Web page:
TABLE III__________________________________________________________________________ 3 4 5 6 7 8__________________________________________________________________________Sulfonated Phenolic Resin 1.5 g .18 g -- 1.5 g .18 g --Leukotan ™ 1027 -- 1.36 g -- -- 1.36 g --FX-661 -- -- 1.5 g -- -- 1.5 gMgSO4.7H2 O -- -- -- 0.5 g 0.5 g 0.5 gAl2 (SO4)3.16H2 O -- -- -- -- -- --Stain Test (24 hours) 5 5 1 4.5 5 4.5Lightfastness 2 4--5 5 3 5 4--5__________________________________________________________________________
Example 3 is the control sample to which all the following treated carpet samples can be compared.
Example 9 of Table IV indicates that the combination of sulfonated phenolic resin and aluminum sulfate imparts very good stain resistance but poor lightfastness. Example 10 indicates that the combination of sulfonated phenolic resin, Leukotan™ 1027 and aluminum sulfate imparts both good stain resistance and excellent lightfastness. Example 11 indicates that the combination of FX-661 (a preblend of sulfonated phenolic resin and acrylic polymer) and aluminum sulfate similarly imparts good stain resistance and excellent lightfastness.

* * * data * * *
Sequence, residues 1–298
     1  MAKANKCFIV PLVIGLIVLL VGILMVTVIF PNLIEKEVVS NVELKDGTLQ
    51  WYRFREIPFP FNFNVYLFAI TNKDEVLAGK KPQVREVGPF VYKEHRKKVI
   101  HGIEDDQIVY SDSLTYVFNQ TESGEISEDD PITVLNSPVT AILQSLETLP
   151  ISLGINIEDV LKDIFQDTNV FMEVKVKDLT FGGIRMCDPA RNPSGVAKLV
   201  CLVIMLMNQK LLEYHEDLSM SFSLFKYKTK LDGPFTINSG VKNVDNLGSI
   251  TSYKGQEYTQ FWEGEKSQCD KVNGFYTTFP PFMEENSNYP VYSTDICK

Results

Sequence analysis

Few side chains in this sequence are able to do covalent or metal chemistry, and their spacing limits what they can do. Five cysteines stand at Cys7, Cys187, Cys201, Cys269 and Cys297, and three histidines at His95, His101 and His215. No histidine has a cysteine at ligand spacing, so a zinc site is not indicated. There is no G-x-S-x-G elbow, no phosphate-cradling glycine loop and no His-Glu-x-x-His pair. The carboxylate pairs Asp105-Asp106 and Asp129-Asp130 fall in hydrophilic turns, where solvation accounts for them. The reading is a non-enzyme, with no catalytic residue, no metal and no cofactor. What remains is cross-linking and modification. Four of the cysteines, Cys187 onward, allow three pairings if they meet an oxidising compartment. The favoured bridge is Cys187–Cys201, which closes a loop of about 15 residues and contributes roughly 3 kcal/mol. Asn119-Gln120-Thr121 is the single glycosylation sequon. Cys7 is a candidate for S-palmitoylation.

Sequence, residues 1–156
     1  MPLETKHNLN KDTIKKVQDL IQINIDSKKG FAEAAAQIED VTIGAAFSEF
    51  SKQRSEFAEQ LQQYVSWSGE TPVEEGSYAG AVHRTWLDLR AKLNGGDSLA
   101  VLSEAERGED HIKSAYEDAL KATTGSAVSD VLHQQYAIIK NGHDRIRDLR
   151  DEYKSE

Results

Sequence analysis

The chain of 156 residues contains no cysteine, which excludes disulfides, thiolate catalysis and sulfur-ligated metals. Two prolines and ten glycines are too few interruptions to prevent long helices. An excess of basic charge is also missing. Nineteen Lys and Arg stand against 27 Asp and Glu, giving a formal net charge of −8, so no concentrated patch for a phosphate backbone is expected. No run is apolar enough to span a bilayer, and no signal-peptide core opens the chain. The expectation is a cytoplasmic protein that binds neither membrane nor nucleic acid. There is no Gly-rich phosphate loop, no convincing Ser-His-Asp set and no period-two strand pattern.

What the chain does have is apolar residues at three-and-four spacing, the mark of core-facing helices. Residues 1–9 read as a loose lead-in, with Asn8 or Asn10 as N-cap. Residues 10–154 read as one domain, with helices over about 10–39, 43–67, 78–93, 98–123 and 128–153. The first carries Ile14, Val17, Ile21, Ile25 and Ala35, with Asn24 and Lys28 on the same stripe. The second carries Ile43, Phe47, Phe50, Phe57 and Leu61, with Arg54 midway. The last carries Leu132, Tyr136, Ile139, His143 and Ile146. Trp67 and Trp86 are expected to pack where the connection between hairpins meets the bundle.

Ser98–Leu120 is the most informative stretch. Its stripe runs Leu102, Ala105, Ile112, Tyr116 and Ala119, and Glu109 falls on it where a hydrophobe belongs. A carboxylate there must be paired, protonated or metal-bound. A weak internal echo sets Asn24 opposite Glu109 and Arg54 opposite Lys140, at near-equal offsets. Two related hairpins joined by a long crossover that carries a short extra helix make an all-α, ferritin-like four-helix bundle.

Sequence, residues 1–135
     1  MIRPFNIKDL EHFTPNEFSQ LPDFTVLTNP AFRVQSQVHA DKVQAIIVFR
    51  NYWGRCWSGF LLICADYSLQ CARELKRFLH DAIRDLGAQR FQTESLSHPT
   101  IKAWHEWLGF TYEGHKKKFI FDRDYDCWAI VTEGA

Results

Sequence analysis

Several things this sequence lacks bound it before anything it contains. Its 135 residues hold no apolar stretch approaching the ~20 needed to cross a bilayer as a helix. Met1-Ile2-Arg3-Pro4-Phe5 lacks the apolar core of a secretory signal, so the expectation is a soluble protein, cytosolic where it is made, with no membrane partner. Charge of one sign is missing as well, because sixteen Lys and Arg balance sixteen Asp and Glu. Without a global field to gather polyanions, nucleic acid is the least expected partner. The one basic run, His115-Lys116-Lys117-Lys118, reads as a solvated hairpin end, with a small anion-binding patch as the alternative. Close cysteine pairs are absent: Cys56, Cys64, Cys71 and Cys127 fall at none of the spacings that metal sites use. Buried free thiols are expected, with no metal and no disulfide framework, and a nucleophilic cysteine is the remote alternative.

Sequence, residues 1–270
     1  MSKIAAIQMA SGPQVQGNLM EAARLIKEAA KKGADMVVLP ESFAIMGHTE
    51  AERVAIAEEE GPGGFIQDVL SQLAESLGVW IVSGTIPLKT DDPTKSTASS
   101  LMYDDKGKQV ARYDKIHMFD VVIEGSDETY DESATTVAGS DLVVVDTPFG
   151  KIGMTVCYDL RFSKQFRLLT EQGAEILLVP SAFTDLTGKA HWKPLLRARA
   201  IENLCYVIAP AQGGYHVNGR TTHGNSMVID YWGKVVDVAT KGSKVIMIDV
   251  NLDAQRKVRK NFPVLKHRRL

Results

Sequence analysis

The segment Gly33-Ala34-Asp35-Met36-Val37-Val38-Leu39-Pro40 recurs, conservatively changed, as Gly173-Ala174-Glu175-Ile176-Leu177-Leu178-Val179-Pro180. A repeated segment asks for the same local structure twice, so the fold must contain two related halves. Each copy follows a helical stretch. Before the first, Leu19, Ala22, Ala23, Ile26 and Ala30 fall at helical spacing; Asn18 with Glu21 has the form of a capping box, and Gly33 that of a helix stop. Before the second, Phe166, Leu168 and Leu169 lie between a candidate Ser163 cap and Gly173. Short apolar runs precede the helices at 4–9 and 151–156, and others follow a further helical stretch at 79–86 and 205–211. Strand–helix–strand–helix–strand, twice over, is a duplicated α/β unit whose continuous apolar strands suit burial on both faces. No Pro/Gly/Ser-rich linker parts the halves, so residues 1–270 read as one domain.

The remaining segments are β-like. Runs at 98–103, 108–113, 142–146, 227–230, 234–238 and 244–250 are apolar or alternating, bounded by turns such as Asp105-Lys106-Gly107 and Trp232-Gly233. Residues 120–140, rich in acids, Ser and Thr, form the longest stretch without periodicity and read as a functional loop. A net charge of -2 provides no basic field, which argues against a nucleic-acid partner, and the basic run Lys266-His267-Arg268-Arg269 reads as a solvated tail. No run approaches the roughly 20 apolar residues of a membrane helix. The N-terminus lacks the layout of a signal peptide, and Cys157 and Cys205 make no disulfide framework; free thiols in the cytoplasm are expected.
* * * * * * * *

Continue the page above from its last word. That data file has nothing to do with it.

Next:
TABLE IV______________________________________ 9 10 11______________________________________Sulfonated Phenolic Resin 1.5 g .18 g --Leukotan ™ 1027 -- 1.36 g --3M Product FX-661 -- -- 1.5 gMgSO4.7H2 O -- -- --AL2 (SO4)3.16H2 O 0.2 g 0.2 g 0.2 gStain Test (24 hours) 7.5 7 6Lightfastness 1 5 5______________________________________
It is evident in the comparison of Examples 3-5 with examples 9-11 that the added component of a soluble aluminum compound such as aluminum sulfate to known treating solutions significantly improve stain resistance. Additionally, in comparing Examples 6-8 with Examples 9-11 the substitution of aluminum sulfate for magnesium sulfate significantly improves stain resistance. Where acrylic copolymers are present in the treating solution, this substitution results in the improvement in stain resistance without sacrificing excellent lightfastness characteristics.
Examples 12 and 13 of Table V when compared to Example 10 show to what extent the aluminum sulfate component can be decreased while maintaining good stain resistance and lightfastness. No significant change in carpet characteristics is seen when aluminum sulfate is decreased from 0.2 gm to 0.13 gm. Degradation in stain resistance and lightfastness, however, is evident when aluminum sulfate is further reduced to 0.07 gm.